• BIO338 Polar Biology

    This module considers the ecology of the polar region. Topics are organised into six themes: 1) History of polar exploration; 2) Characteristics of the environments; 3) Major wildlife; 4) Adaptation strategies; 5) Ecosystem dynamics; 6) Changes and threats. Lectures will be complemented by paper discussions.

  • BIO346 Professional Skills in Marine Biology

    This field-based module will introduce students to the professional techniques utilised to monitor and study marine life in a variety of marine and coastal habitats and in relation to conservation management and biodiversity monitoring in the United Kingdom. The course places a strong emphasis on marine ecological census techniques. Students will learn key skills relevant to the marine ecology sector including protected and economically-important species (especially marine mammals, fish, shellfish, coastal birds), Phase 1 habitat surveys and water quality surveys. Students will also learn about the biotic and abiotic factors that define different UK habitats and relevant regulations that protect them. The module provides an introduction to the Environmental Impact Assessment (EIA) process and a range of impacts on the marine environment including energy generation and pollution. Participants in this module will work in groups acting as a marine environmental consultancy and the class will be responsible for producing key survey results for an Environmental Impact Assessment (EIA) and public engagement presentation for a proposed commercial development in Carmarthen Bay. Students will gain insider experience about professional techniques in marine (and freshwater) biology through a series of lectures delivered by marine environmental practitioners from environmental consultancies and regulatory organisations in the UK.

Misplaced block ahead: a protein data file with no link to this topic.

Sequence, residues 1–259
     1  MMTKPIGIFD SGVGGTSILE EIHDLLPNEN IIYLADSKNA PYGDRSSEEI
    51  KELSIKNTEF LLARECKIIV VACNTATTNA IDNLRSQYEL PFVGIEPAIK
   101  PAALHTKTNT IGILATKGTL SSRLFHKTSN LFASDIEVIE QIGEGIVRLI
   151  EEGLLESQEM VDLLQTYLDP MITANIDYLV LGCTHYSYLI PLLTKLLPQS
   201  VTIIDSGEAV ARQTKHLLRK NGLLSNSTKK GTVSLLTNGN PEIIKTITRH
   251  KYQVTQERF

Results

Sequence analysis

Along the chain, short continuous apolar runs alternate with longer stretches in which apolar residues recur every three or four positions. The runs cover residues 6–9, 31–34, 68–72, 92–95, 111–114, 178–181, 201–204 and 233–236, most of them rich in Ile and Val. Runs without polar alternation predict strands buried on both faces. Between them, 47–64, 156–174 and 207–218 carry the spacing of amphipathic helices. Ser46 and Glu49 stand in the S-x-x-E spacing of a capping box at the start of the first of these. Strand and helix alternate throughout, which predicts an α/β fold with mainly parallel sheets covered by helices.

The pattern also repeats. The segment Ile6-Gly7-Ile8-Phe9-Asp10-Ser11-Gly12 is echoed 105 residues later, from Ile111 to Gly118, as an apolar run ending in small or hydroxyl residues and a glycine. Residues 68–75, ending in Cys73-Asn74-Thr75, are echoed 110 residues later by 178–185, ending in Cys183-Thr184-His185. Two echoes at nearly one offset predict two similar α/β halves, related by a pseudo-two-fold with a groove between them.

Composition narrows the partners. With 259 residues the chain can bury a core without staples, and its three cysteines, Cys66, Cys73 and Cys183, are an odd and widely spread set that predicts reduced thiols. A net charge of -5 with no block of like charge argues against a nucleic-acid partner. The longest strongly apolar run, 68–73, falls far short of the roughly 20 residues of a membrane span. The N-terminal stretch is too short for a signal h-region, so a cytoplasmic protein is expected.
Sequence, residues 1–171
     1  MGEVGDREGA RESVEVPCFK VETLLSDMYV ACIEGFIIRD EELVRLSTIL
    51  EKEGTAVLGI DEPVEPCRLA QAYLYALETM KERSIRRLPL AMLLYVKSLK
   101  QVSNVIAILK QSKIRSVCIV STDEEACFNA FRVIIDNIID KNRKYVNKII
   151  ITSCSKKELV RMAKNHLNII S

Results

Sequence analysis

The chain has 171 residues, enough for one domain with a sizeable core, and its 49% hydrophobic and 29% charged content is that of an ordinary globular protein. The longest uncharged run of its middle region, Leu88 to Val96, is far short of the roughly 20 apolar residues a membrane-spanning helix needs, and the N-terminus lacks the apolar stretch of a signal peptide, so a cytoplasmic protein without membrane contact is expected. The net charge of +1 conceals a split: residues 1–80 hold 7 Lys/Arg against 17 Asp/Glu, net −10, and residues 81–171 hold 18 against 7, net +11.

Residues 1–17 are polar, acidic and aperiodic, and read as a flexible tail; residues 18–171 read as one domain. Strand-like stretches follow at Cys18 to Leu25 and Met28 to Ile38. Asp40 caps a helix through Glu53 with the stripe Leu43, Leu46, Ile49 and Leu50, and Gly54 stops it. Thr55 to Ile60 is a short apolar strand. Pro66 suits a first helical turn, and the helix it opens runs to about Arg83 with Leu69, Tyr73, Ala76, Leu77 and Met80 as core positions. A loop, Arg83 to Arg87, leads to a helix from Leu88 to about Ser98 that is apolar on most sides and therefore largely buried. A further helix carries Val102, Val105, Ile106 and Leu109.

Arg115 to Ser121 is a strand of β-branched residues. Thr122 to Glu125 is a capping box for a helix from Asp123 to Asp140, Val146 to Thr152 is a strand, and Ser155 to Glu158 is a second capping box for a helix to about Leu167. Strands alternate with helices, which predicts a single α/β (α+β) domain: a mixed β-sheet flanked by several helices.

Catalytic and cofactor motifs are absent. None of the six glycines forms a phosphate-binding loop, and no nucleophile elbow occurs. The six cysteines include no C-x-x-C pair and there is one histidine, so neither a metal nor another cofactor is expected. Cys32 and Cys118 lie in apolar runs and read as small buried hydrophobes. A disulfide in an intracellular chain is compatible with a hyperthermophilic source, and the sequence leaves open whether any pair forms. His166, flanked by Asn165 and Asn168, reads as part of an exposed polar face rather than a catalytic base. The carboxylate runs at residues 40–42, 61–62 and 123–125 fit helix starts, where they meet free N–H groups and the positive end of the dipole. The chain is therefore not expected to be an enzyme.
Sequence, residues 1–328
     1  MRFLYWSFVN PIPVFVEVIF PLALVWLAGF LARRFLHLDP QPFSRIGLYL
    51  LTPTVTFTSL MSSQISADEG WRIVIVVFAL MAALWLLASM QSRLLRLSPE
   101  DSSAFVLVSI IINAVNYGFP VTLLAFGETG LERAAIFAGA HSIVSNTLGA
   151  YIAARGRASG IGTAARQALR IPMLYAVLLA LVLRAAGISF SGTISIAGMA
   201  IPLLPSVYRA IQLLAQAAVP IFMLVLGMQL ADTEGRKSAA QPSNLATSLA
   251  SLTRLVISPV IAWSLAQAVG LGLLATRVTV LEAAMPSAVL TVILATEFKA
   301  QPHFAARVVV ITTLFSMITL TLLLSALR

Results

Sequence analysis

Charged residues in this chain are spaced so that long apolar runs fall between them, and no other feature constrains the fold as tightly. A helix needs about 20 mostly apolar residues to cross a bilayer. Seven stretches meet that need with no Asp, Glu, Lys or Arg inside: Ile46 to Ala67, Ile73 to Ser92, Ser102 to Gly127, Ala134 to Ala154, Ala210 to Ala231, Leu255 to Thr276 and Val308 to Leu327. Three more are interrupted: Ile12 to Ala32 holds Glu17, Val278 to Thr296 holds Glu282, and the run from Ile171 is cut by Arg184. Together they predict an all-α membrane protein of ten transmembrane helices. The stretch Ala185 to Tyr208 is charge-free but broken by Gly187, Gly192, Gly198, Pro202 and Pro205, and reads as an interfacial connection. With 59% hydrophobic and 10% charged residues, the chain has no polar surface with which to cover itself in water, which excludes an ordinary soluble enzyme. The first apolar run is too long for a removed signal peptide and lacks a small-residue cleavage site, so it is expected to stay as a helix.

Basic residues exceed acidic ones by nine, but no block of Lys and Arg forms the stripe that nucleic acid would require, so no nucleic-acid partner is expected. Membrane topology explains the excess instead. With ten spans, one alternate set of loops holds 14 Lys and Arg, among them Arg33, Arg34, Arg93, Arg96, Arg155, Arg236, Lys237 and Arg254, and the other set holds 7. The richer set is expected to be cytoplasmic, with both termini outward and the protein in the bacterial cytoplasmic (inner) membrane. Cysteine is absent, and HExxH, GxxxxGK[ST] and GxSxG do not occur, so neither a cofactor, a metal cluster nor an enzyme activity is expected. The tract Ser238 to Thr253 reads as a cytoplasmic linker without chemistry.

Supervision

  • STANDARDISED METHODS FOR COLLABORATIVE LONG-TERM MONITORING AND MANAGEMENT OF CETACEANS IN WALES«br /» (current)

    Student name:
    MRes
    Other supervisor: Dr Richard Unsworth
    Other supervisor: Dr William Allen
  • Local and regional drivers of the trophic structuring of fish assemblages associated to seagrass throughout the Caribbean following varying levels of protection (current)

    Student name:
    MRes
    Other supervisor: Dr Richard Unsworth
  • The challenges of studying cetaceans at potential marine renewable energy sites in Wales (current)

    Student name:
    MRes
    Other supervisor: Dr Richard Unsworth
  • 'Local and Regional variability of Indo-Pacific Seagrass Fish Assemblages' (awarded 2018)

    Student name:
    MRes
    Other supervisor: Dr Richard Unsworth